Jesus informs his disciples in John 10:11-18 that He is the Good Shepherd. He doesn’t let his sheep wander away or get eaten by wolves. In the spiritual realm, Jesus is our ultimate guide; we are His sheep. It’s easy for us to fall away from the faith and be tempted by the enemy. However, Jesus reiterates that He is our protector and even lays His own life down for us. The analogy Jesus uses here is very fitting, considering that most people were familiar with this occupation.
11. The eleventh tangible metaphor that teaches spiritual truth is a vine.
What exactly is a vine? A vine is a plant that has stems which need mechanical support. It often climbs up trees or stretches out over the ground. Moreover, vines can climb with these grasping appendages called tendrils that help support the vine.
Vines can grow wild and consequently need to be pruned often. Jesus uses this as an analogy for the spiritual realm. He tells his disciples that He is the true vine and His Father is the vinedresser. Whenever we bear fruit, he prunes us, so that we may bear more fruit.
The fruit Jesus is talking about are the virtuous attributes of God from Galatians 5:20:
Therefore, when we abide in Jesus, the true vine, we will bear much fruit. However, if anyone does not abide in Christ, they will be thrown away like a branch and wither away. This is why it’s vital for us to continually rely on the work of the Holy Spirit to keep us a healthy and lifegiving vine.
12. The twelfth tangible metaphor that teaches spiritual truth is a cup.
A physical cup is a helpful tool for many things. For example, a cup can be used to drink fluids. A cup may function to store food or other items of value. Archaeology proves that many ancient civilizations utilized the cup because many ceramic pieces have been excavated over time.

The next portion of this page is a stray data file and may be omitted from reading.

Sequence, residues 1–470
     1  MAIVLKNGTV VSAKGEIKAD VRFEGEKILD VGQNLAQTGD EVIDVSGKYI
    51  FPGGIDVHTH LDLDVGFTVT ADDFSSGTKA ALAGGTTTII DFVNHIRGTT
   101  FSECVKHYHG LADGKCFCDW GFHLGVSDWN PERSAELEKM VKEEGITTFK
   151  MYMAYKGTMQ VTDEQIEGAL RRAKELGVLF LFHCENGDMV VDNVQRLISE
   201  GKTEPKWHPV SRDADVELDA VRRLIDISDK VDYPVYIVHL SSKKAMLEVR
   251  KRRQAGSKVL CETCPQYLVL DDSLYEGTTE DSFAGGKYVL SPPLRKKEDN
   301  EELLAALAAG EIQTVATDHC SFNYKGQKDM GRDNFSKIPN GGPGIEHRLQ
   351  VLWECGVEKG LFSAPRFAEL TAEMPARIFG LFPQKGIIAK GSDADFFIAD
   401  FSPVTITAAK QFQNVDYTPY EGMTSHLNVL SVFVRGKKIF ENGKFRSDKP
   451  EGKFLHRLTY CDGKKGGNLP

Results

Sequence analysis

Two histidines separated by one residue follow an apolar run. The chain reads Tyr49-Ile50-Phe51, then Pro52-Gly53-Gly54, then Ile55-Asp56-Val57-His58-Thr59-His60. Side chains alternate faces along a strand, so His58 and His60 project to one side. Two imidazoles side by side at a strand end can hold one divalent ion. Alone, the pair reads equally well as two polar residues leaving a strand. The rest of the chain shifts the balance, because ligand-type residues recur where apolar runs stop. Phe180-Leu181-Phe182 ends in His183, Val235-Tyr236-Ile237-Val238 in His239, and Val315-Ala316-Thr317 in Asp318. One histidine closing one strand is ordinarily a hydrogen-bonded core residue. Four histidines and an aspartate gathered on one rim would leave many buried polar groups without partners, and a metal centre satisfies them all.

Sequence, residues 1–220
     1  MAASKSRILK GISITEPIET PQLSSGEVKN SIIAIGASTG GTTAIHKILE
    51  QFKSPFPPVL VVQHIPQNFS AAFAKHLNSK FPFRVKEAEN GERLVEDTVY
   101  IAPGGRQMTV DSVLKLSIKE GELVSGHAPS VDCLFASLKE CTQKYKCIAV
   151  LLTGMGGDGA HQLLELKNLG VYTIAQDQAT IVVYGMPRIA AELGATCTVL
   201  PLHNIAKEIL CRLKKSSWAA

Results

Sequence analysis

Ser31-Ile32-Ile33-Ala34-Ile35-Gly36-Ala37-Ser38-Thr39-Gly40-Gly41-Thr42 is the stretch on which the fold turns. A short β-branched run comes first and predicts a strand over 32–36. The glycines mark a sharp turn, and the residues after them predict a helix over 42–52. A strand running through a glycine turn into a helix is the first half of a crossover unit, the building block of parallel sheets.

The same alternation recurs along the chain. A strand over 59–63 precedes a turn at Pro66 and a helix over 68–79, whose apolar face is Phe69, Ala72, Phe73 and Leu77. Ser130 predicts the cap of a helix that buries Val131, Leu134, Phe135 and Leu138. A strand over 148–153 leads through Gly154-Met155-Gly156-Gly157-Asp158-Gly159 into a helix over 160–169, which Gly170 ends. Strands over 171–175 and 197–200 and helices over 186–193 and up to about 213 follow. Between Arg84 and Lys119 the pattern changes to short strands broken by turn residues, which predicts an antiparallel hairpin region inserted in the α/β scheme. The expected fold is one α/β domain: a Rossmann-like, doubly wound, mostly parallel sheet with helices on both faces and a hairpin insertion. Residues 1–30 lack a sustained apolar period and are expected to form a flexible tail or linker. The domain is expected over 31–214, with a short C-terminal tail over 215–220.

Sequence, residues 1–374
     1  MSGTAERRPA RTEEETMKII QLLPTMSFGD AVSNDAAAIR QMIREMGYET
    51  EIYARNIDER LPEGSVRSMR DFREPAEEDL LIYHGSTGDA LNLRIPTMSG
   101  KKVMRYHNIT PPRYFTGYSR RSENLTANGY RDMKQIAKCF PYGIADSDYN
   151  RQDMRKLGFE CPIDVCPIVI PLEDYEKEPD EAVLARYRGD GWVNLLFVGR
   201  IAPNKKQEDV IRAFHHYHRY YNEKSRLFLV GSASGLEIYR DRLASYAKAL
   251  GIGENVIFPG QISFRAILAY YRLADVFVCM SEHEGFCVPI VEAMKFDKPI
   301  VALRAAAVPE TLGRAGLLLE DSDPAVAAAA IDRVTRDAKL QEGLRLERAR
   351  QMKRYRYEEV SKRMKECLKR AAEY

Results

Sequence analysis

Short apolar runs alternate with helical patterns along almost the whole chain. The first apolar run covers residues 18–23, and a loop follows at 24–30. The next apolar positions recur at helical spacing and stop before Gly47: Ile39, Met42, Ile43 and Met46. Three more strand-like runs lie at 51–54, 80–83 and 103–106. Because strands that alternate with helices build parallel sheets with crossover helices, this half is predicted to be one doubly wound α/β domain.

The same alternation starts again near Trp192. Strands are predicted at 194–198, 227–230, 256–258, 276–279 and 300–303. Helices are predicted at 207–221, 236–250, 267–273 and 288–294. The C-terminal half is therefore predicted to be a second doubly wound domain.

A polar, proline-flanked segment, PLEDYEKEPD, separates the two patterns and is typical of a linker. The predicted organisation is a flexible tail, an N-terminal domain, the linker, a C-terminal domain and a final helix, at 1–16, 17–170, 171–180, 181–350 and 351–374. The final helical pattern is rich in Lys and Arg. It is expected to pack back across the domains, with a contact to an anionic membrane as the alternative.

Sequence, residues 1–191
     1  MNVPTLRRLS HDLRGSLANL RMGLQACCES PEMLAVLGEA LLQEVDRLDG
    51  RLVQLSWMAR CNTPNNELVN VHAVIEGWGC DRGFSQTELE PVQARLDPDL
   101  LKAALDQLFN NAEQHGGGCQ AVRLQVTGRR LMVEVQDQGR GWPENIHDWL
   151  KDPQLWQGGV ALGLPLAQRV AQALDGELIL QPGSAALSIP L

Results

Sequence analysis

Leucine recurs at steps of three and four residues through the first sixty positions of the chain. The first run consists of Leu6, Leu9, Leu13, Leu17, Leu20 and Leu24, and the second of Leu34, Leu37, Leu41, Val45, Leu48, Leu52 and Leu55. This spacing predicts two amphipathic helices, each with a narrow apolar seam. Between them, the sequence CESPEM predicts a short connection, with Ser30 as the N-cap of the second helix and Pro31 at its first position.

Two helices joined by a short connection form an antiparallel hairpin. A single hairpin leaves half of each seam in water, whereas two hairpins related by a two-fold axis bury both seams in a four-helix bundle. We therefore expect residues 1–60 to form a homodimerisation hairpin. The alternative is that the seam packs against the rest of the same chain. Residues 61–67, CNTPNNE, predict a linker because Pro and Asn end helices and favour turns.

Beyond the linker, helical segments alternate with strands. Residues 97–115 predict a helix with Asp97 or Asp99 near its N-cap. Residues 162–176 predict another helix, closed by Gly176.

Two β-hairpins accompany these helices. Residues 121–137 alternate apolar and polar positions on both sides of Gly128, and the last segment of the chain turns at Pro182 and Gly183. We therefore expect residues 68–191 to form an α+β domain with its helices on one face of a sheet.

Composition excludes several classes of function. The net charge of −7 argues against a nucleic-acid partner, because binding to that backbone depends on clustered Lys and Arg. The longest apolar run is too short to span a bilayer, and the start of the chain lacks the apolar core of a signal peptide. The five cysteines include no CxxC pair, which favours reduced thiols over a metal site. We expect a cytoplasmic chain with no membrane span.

In the Judeo-Christian worldview, cup is often identified with the wrath of God. For instance, Jeremiah had to deliver the “cup of the wine” of God’s wrath to many nations (Jer. 25:15). Revelation 14:10 refers to the final judgment of God, where the cup of His wrath will be poured out on those who are disobedient evildoers. Then, in John 18:11, Jesus tells Peter: “Shall I not drink the cup that the Father has given me?” He is referring to God’s wrath toward sin that He endured on the cross for the entire world (Isa. 51:22; Matt. 20:22).
13. The thirteenth tangible metaphor that teaches spiritual truth is breath.
Breath is defined as the air taken into or expelled from the lungs. This process called breathing is vital for organisms to survive. Humans need oxygen to breathe in and carbon dioxide to flush out in order for proper homeostasis and cellular respiration to occur.
In John 20:22, after the resurrection, Jesus appears to his disciples in the upper room on the evening of the first day of the week. The first thing the risen Lord says is: “Peace be with you.” Then he showed them his hands and side to prove He was not just a figment of their imagination. Afterward, he breathed on them and said to them, “Receive the Holy Spirit.”
The physical reality of breath is akin to the spiritual truth of the Holy Spirit coming upon the disciples. This breath is the life force for Christians. Just like God breathed into Adam and He became a living creature, when God breathes into us the Holy Spirit, we become truly alive.
In this article, 13 Tangible Metaphors That Teach Spiritual Truths In The Gospel of John, the goal was to help believers understand how the physical realities—tangible metaphors, can illuminate spiritual truths. Jesus sought to use light, the temple, birth, wind, water, food, bread, flesh, door, shepherd, vine, cup, and breath to guide us into a deeper spiritual understanding. It is my hope and prayer that you meditate on these truths so you can grow in your Christian walk and confidently share the good news that God saves sinners.
Article written by Chad A. Damitz